The European Court of Justice’s verdict on ‘Safe Harbour’, the agreement which legitimised data transfer between the US and EU, was more unexpected in its timing than its content. The impact of Safe Harbour’s demise on the largest digital enterprises is likely to be minimal, with several already maintaining EU data centres, and supplementary contractual agreements on data privacy. However, there is no doubt that this is only the beginning of the legal wrangling around the issue.
The implications of the judgement go far beyond the headline issue of personal privacy. Media coverage has focused on the rights of individuals, but the question of business data is just as pertinent. The security of price sensitive information, intellectual property and confidential records must always be guaranteed. Where cloud services are involved, however, the ECJ’s judgement may now make it hard to make such guarantees in a legally valid manner.
According to the Financial Times’ report, over 4,000 companies make direct use of Safe Harbour, but the number of organisations that must take account of this judgement is many times greater. Of those initial 4,000, many of their customers will also be companies, with responsibility for their customers’ data – and those customers could be organisations too. Assessed by new legal standards, that digital supply chain could now be hiding unexpected liabilities for organisations that have not looked closely enough at the cloud services they use.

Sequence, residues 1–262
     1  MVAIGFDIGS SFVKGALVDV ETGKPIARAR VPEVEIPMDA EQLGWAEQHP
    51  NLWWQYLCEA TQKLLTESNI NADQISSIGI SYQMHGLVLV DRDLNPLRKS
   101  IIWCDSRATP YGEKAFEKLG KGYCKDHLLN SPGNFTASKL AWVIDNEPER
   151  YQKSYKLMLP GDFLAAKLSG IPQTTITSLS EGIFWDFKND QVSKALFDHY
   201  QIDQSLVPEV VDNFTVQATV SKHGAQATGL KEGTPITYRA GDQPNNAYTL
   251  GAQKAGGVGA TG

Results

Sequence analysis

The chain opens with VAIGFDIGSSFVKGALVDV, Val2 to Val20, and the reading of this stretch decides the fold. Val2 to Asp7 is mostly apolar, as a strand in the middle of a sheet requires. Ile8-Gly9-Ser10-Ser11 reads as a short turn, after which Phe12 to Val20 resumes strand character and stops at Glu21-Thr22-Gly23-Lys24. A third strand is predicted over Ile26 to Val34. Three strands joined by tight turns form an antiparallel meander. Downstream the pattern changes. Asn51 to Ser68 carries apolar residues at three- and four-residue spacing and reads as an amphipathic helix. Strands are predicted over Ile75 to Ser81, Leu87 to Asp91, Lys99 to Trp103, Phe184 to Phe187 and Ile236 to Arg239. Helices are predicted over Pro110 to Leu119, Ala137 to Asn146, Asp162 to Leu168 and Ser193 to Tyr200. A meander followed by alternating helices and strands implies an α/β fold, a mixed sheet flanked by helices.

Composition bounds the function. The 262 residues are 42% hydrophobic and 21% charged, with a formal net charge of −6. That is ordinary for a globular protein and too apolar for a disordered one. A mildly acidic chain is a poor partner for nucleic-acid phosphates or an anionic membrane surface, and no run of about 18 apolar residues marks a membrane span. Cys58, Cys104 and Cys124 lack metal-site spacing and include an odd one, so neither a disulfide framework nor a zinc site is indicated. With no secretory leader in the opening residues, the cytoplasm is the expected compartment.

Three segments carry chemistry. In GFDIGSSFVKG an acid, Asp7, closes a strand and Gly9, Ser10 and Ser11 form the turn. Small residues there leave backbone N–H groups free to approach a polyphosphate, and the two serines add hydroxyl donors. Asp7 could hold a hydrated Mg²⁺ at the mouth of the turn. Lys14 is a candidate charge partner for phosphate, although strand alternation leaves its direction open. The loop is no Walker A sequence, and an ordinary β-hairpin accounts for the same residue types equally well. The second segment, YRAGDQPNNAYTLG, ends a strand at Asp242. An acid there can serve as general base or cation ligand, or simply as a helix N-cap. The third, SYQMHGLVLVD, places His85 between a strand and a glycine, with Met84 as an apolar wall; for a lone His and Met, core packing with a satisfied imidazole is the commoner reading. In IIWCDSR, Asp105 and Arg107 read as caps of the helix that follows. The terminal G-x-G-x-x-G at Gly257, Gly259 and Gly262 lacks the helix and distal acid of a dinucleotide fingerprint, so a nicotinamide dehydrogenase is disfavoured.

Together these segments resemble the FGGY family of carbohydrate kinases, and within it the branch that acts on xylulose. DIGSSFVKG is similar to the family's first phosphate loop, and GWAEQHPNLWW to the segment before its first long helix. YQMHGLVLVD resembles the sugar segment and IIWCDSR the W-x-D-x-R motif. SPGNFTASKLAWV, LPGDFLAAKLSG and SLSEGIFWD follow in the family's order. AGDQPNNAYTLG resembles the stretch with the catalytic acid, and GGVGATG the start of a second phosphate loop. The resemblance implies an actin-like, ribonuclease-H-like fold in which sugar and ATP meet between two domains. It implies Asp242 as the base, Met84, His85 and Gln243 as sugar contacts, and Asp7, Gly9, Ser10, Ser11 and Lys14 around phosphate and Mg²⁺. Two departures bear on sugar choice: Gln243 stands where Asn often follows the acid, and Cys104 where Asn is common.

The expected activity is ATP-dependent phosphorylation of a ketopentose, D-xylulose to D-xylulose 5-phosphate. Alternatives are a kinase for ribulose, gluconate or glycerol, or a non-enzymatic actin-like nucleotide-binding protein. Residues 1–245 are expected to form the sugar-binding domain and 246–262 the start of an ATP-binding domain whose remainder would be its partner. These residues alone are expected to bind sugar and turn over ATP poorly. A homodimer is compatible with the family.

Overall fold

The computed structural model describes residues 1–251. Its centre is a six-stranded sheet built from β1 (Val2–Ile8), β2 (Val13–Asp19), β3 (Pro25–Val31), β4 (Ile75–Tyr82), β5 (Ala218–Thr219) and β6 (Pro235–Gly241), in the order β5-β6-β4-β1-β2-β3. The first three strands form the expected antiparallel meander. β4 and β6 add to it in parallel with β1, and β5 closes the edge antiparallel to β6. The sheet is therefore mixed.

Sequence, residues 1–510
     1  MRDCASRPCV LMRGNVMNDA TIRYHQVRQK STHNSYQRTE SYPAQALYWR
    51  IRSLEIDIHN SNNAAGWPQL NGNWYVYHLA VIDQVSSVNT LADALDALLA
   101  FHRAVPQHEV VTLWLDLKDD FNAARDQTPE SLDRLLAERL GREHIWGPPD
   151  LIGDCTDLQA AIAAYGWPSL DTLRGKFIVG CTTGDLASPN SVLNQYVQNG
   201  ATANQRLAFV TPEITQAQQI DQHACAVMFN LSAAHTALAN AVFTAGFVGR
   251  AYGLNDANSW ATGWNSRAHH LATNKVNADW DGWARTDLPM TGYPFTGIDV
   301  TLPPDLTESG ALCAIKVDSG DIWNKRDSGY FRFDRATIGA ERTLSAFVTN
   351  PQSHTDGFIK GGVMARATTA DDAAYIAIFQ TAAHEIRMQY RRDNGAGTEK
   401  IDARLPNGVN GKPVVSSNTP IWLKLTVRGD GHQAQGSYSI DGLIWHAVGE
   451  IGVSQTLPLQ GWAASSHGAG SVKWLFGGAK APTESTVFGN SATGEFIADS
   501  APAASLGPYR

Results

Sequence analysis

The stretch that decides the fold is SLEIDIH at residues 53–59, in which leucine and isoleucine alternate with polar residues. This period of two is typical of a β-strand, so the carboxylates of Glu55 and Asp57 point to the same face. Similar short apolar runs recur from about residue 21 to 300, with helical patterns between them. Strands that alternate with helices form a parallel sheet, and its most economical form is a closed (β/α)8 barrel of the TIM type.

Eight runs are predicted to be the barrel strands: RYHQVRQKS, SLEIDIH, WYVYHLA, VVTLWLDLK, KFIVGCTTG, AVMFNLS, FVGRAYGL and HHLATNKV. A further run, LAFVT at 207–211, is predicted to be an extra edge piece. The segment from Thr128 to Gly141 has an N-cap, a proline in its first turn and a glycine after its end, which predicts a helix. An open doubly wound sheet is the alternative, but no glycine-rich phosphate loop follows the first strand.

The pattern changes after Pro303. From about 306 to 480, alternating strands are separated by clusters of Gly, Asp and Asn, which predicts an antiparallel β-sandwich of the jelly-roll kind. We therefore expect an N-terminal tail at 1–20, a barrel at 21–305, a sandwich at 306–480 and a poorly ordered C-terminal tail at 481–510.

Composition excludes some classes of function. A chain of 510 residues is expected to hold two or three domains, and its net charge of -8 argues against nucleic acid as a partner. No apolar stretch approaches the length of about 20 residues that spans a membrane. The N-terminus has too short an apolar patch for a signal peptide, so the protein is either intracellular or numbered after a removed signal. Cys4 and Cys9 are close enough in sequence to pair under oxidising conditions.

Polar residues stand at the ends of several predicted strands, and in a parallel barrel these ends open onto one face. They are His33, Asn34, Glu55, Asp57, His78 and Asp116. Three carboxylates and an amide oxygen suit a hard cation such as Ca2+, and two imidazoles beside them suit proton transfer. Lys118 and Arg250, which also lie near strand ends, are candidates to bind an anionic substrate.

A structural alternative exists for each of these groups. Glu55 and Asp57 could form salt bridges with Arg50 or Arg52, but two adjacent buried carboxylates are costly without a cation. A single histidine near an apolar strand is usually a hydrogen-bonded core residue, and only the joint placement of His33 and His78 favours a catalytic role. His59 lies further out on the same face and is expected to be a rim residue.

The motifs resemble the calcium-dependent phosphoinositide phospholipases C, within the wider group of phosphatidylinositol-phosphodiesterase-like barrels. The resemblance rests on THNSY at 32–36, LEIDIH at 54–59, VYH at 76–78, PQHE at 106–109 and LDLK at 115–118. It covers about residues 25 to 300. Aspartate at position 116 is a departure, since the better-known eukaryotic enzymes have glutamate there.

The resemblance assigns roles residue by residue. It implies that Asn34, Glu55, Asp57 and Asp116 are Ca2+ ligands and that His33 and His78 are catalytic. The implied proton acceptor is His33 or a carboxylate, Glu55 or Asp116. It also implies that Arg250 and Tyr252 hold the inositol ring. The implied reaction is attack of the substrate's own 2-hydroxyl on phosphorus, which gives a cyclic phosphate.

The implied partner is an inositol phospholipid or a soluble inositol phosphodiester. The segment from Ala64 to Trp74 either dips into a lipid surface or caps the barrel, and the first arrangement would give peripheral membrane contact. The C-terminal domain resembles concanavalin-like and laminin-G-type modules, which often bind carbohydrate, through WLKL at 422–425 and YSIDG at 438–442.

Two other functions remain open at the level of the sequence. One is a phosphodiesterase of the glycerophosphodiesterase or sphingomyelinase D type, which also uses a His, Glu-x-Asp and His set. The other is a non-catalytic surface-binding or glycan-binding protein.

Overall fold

Arguments around the merits of public cloud and private cloud infrastructure are well-worn, but it is worth noting that a private cloud sidesteps many of these concerns. When services or products run on a network whose exact physical limits are known and protected, the legal status of the data they contain can always be assured.
Although it will take some time for the true implications of the Safe Harbour ruling to make themselves clear, it should be a wake-up call for companies in all sectors, to think clearly about their digital estate and the data it contains. With products and services that are based in the cloud, the legal status of the data they hold can only really be assured by identifying its actual physical location.
In some cases, particularly where price-sensitive and other financial details are concerned, there will be a strong case for shifting to products and services that allow business leaders control over the location of their data. While legal questions remain unresolved, this is the only way in which it can be deemed truly secure.